Do you have a specific example you can share? I'm not really sure what you're doing and a concrete example might clear some things up.
To All:
First, I am not sure if backproagation is the right way to define what I am looking at, but it appears to at least take the smallest amount of characters up.
Process Discription:
Forward:
So, I have a few different sets of distributions where each one is produced from the last and some set of parameters. On the final distribution, a specific field within that distribution is defined as the desired goal.
Process:
Forward Propagation: start --> dist(1) --> dist(2) --> ... ---> dist(end)
Back:
The question is, is there a way to know where in the previous distributions that the specific desired goal came from? If not, is their an alternative route to do this kind of problem?
Process:
Back Propagation: goal = f(dist(end)) --> g(dist(end-1)) --> ... --> g(dist(1))
The main reason that I have gone to distributions is that the algorithms use an amount of data that would not be physically possible to keep up with all the data, so I have gone with an alternative route of trying to represent the effects of the algorithm at different discrete points.
Thanks for all your time, and I am sorry for putting a question up as my first post but this has been boggling my mind.
Do you have a specific example you can share? I'm not really sure what you're doing and a concrete example might clear some things up.
I don't have emotions and sometimes that makes me very sad.
I can't really give a specific example, but I can try to define the process a little.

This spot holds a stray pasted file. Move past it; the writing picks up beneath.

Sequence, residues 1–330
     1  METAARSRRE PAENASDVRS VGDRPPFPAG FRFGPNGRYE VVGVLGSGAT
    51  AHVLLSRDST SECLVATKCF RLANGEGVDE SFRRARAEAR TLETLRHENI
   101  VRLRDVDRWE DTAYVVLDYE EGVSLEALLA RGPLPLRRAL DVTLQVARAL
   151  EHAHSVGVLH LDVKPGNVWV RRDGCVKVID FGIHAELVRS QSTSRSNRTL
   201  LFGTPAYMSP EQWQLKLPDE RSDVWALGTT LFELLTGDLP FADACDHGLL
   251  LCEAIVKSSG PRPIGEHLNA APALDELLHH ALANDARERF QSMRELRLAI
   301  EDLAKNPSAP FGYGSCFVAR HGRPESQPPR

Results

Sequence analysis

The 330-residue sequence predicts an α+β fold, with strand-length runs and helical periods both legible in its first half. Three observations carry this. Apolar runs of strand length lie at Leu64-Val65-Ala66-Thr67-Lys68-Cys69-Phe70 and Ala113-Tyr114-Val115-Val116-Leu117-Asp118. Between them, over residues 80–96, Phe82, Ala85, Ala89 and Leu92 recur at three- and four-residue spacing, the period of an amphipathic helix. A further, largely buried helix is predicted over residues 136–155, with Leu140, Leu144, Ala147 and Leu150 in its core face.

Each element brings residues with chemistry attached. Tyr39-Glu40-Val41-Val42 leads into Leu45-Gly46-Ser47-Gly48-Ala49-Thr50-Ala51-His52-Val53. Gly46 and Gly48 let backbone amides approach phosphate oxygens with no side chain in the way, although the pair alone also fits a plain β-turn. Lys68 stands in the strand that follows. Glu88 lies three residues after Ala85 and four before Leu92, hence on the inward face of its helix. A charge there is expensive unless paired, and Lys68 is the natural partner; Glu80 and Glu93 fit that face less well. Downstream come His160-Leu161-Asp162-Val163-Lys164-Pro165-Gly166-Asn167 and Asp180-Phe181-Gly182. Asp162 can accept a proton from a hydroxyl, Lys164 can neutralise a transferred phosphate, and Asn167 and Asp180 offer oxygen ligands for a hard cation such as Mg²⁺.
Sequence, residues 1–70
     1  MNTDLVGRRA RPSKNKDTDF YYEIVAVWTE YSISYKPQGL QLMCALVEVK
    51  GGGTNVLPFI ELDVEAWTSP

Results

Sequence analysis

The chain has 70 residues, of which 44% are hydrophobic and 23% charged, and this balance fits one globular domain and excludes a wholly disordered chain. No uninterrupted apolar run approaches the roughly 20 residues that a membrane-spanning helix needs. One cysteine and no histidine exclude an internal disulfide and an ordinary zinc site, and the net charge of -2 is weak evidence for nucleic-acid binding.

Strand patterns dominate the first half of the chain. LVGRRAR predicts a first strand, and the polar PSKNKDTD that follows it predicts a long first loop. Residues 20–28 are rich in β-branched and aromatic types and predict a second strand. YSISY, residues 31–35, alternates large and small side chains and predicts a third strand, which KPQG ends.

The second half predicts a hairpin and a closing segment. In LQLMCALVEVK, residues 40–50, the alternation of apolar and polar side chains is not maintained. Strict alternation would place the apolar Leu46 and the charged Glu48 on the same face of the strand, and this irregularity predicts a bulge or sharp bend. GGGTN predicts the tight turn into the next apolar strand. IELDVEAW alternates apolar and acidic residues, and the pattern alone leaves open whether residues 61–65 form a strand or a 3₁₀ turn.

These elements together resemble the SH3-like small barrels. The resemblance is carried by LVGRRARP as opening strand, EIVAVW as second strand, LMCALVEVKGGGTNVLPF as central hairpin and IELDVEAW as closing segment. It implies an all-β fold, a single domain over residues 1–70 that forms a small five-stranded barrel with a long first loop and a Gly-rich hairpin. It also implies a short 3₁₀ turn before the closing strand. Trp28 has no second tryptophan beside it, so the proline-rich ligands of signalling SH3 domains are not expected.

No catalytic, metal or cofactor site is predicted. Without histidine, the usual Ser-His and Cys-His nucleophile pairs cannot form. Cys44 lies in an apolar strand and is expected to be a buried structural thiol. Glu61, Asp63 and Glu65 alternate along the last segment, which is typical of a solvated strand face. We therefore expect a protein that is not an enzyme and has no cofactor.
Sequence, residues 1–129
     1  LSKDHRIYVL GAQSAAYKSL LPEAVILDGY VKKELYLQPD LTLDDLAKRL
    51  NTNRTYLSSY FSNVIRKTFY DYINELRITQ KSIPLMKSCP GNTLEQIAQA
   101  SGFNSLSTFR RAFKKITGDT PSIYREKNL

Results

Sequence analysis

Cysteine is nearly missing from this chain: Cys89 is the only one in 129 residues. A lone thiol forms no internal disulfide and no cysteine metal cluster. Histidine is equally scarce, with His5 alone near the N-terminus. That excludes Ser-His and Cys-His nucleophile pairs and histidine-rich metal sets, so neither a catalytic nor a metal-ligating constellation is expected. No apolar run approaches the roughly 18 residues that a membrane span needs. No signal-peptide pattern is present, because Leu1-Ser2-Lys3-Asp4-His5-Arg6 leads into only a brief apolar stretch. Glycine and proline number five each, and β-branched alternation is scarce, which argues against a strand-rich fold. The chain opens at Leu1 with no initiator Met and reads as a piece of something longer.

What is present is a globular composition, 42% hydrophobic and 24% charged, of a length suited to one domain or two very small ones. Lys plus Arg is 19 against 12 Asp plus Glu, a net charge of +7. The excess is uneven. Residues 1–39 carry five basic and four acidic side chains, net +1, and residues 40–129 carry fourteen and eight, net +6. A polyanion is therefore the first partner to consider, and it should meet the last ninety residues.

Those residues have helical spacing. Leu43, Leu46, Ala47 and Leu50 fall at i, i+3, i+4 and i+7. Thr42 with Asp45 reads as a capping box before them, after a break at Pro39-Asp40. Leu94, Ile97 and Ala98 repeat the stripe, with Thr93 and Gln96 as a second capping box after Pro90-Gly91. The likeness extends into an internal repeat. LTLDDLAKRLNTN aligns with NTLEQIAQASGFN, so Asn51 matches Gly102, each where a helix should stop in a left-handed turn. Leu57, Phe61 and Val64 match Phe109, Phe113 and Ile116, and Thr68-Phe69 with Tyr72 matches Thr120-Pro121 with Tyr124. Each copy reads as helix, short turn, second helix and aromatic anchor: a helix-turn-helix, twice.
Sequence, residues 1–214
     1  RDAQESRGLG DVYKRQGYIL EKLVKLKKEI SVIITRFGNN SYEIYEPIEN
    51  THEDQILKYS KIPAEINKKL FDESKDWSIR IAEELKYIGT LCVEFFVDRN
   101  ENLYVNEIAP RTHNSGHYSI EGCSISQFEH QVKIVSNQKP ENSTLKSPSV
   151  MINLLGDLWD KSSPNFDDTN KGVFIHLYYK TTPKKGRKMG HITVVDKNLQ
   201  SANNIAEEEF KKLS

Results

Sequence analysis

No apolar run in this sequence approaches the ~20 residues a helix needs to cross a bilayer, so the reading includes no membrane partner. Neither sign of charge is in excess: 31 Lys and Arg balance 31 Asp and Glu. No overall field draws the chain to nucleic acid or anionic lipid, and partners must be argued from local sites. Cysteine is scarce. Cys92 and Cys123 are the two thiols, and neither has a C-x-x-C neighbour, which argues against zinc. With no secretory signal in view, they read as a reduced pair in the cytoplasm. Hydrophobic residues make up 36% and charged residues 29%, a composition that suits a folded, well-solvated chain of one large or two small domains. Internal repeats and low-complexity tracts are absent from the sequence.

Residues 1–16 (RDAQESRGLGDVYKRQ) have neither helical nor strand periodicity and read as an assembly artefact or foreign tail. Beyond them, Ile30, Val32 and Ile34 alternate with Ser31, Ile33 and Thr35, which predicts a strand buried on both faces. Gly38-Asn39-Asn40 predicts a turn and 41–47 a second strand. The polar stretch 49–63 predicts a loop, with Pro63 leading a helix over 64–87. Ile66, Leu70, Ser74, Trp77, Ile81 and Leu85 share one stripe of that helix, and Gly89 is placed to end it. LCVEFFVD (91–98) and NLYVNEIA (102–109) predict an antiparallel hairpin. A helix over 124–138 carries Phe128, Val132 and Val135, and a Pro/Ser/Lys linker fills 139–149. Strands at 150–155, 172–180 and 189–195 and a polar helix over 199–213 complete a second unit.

I have a function 'h' that is effected by previous information 'x' as well as possible commands 'u' and some constraints 'c' to add some spice to the picture.
h(x,u,c) = ?
Lets assume that we start with a single point of previous information and 2 possible commands.
Therefore if we want to keep all information, the amount of information at each step goes like this if we ignore possible constraint effects. (Search Tree)
1,2,4,8,16,...
Because this gets to a point that is computationally impossible or at least improbable, a set of distributions is instead fitted to the state data 'x' at each discrete step; I am using a multitude of gaussians at the moment.
However, the main desire of this process was to not only find what happened while progressing forward but also to be able to pick a specific set of values at the end of the progression and find the distributions at each step that define how to get there from the starting point.
I guess an example would be a car is driving on a flat plane at a constant velocity but at a multitude of possible directions, which are defined as a delta from the previous velocity vector. Assuming this is 4 directions. The first iterations gives 4 different possible places for the car to be, while the next gives 16 and so forth. Because the amount of points become much more than is desired, the states of the car are fitted to a distrubtion at each step and then the next step is seeded by draws within that distribution. After they have run for so long, it is decided that it has finished its run. Now, we know the possible capabilty for the car, but now, we want to know all possible paths to some end point (this is where I am stuck).
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